Saturday is the third edition of the SEC/Big 12 Challenge although it feels like the first because in the previous two, games were scattered across various days during the non-conference season. This season, it’s a coherent event, with all ten games taking place this Saturday.
As a bonus, this event occurs right in the middle on conference play. Coaches don’t particularly like it, but people that have ratings systems do because the strength of each conference is based on data collected over a month ago. The relative strength of each conference probably doesn’t change that much during January and February, but when it does we have no way of knowing. With the death of BracketBusters, there’s just the occasional Marquette/Stetson game to provide non-conference information this time of year.
But the minds in charge of programming at ESPN wisely decided to move this event to late January, and so we get sunrise-to-sunset basketball* on Saturday to decide bragging rights between SEC vs. Big 12. (*The only state where it will truly be sunrise-to-sunset basketball is Alaska.)
Just to be clear, there’s nothing that can happen on Saturday that would change my mind that the Big 12 better than the SEC. There’s enough of a gap between the two that I don’t think a sweep of 30-point wins by SEC teams would change their standing relative to the Big 12. But the results could marginally impact the reputations of each league.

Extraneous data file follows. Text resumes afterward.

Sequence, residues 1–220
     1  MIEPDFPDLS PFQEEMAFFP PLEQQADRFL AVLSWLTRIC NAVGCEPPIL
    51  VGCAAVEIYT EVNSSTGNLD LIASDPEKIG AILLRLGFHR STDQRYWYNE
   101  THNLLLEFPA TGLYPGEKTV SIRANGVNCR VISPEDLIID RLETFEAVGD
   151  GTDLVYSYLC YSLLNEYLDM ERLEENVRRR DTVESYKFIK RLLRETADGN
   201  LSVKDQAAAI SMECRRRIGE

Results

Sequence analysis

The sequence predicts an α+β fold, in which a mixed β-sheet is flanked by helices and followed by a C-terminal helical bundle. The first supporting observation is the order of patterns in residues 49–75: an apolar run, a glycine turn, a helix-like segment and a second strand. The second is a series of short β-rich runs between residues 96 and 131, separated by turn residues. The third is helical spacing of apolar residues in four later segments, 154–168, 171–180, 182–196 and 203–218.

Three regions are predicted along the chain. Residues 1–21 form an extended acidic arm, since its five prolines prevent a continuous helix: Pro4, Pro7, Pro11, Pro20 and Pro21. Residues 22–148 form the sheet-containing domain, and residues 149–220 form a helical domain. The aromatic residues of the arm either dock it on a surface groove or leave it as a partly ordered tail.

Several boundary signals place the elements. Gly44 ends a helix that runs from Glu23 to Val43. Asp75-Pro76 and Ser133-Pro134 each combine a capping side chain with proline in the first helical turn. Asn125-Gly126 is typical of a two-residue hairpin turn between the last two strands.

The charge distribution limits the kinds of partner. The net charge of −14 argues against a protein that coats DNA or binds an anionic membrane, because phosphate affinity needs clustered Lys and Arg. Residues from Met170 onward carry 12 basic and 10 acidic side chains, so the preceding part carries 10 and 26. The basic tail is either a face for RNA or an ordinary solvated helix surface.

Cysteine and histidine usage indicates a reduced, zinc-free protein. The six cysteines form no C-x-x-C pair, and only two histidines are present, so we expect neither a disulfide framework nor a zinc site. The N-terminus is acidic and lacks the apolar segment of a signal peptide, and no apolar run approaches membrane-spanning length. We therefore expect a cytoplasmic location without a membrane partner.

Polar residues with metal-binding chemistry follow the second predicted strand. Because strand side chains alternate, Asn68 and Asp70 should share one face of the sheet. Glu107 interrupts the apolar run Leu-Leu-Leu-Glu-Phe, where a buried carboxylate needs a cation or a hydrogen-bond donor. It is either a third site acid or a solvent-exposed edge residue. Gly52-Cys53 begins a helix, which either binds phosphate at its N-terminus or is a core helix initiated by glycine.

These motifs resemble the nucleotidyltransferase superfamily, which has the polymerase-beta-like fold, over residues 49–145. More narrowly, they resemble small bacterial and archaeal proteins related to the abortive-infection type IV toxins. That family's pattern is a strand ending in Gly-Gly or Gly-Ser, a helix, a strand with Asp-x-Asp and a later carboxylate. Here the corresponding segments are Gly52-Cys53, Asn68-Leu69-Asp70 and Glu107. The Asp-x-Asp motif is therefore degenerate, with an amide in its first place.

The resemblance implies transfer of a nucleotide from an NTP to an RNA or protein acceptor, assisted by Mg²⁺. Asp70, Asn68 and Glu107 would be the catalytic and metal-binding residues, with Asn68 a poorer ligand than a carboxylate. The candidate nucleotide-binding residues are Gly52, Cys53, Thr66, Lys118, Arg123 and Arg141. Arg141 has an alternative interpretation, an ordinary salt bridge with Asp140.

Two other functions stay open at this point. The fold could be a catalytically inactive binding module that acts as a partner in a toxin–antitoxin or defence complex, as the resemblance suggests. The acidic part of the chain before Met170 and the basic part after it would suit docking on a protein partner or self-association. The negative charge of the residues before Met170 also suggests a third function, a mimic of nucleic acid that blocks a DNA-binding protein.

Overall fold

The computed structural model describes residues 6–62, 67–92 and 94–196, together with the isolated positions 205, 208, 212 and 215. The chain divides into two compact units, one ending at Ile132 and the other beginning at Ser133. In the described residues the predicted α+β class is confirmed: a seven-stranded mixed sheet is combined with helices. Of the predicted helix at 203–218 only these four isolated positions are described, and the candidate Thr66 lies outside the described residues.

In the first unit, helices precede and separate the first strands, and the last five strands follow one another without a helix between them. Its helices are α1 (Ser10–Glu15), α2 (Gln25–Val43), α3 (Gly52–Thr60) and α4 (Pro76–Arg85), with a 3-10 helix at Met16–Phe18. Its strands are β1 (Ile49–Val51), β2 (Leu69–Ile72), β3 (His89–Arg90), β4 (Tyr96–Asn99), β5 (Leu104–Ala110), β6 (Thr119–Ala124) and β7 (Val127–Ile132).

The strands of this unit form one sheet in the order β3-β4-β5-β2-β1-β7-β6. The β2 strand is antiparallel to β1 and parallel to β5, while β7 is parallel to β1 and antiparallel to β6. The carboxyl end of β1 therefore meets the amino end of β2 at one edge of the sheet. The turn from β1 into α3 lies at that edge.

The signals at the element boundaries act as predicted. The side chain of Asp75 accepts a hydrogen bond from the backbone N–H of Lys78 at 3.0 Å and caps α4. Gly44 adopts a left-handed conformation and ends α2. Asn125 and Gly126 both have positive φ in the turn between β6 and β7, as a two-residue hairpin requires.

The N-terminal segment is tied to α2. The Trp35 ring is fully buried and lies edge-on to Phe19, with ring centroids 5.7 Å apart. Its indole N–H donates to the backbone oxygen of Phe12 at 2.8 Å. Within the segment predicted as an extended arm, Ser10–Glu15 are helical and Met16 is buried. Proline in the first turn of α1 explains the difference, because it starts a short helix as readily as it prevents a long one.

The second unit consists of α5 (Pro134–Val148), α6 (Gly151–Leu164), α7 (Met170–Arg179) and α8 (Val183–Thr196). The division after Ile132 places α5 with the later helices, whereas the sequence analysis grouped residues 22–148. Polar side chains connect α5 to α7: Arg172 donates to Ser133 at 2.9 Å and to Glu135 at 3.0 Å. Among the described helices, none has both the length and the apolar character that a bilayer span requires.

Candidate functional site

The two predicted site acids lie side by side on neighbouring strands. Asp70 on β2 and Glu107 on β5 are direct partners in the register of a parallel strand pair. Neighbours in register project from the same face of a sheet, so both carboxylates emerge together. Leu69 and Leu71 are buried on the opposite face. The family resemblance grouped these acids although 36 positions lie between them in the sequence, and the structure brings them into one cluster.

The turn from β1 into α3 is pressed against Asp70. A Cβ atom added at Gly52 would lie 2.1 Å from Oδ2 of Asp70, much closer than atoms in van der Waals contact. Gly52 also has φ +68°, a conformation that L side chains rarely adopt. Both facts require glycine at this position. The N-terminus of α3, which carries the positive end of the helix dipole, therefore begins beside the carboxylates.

One reason there’s not a lot at stake conference-wise is that we have a lot of information on both conferences already and ten games can’t change that too much. But another reason is that the SEC gets to drop four of its bottom-feeders, making the matchup closer than the average strength of each conference would suggest. And furthermore, the challenge is just ten games, and nearly anything can happen over ten games.
But not quite anything. According to my metrics the SEC team is obviously favored in just two games – Texas A&M’s home game against Iowa State and Arkansas hosting Texas Tech – with Tennessee/TCU and West Virginia/Florida being close to coin flips. The Big 12 team is the clear favorite in the other six match-ups. So the odds are stacked against the SEC in such a way that it will not win eight, nine, or ten games. But the good news is that it won’t get swept either. Here’s the probability distribution based on the current ratings.
The Big 12 is expected to win 6.0 games according to the Monte Carlo simulation and it posts the necessary six wins (or more) for victory 65% of the time. The SEC wins at least six games 14% of the time. That leaves a 21% chance of a 5-5 tie. But there are no ties in kenpom-land. I will declare the winning conference based on aggregate free throw percentage and the rest of the world will have to live with it.